Sneak Preview: Interviews with our National Conference 2019 Keynote Speakers

With less than two weeks left, hear some sneak-preview insights ahead of the largest governance and risk management-focused event in Australia

Governance Institute National Conference 2019 is less than two weeks away - are you still sitting on the fence, or trying to convince your boss to sign off your ticket?

We have helpfully compiled all the best interviews from our superstar speakers, giving you a sneak preview of the insight you won't be able to find anywhere else.

Sir Winfried Bischoff: Good boards must exercise healthy scepticism

"I happen to believe, for instance, that women look at risk differently and perhaps more judiciously than men do. People say women are risk averse. I think that is baloney. They just look at it differently. Women are also willing to ask the awkward question. I think it goes with the territory. They are not afraid to say, explain this to me. Whereas men very often feel when presented with a new concept that perhaps, they ought to know what it is all about. Perhaps they ought not to show their ignorance."

Madelyn Antoncic: Sustainability - the new face of risk

"During my time as Vice President and Treasurer of the World Bank, we executed the largest weather and energy derivative the market has ever seen, to help a country that is hydropower-dependent mitigate the risk of droughts and high energy prices. We developed catastrophic risk structures to help member countries mitigate and transfer risks related to the extreme weather events exacerbated by climate change. And we used our convening power and international influence to advocate for global standards for issuers of green bonds, a market which the World Bank and the European Investment Bank developed and helped kick-start. These efforts were not focused on driving either economic growth or social outcomes — they were engineered to achieve both."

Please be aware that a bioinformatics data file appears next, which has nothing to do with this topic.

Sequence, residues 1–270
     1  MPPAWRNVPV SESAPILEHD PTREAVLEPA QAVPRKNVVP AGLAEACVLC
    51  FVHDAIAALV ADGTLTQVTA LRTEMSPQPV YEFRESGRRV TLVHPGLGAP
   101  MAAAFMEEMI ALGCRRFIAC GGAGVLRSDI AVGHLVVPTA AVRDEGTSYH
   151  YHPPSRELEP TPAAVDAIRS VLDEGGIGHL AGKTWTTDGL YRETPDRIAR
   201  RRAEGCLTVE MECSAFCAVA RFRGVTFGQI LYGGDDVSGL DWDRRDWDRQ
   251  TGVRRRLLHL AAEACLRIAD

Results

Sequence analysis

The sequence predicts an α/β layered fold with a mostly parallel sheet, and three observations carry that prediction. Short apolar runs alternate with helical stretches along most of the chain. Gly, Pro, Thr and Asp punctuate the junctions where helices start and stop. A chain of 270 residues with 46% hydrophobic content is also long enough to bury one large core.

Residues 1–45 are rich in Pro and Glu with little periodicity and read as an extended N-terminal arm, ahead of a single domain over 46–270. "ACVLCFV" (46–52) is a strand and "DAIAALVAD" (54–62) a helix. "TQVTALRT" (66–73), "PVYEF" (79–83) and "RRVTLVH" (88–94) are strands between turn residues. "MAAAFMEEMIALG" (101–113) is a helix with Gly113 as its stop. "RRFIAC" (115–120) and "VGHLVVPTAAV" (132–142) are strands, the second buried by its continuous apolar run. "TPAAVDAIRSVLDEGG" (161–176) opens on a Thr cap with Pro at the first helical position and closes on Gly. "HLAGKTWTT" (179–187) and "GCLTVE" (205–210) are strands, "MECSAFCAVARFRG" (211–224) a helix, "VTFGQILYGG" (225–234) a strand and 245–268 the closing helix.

Deidre Willmott: Leading the way in our changing workforce

“This is actually about freeing people up to be retrained, to do different jobs that make a lot more use of their emotions, imaginations and their human skills. And as we free people up and focus more on where customers want that human contact, I think we will be seeing a lot of new jobs, and in many ways, better jobs than the repetitive tasks that are being replaced.” [courtesy of Women's Agenda]

Professor Michael Adams: Significant changes in financial disclosure and greater penalties in corporate law

"For all corporate crimes committed after 12 March 2019, the maximum jail sentence for a contravention of the Corporations Act was tripled to 15 years imprisonment….

"For some specific financial services crimes or civil penalties, the court can apply ten per cent of the company’s turnover as the pecuniary penalty — which means in theory a company could be ordered by a court to pay the government the maximum sum of $525 million."

 Jane Halton, AO, PSM: The accidental public servant

‘The most obvious thing about public sector governance these days is that we talk about it… If you peeled back what was going on in governance then, what you saw was a lot of governance that was lazy. It was incomplete. For instance, risk was not a word mentioned very much. But these days we have risk practitioners as we should. We have risk committees and risk registers. We have proper risk governance arrangements.’ 

The Governance Institute has also produced a number of short videos, including:

If you haven't bought your tickets yet, there are still a limited number available - click here to enquire.

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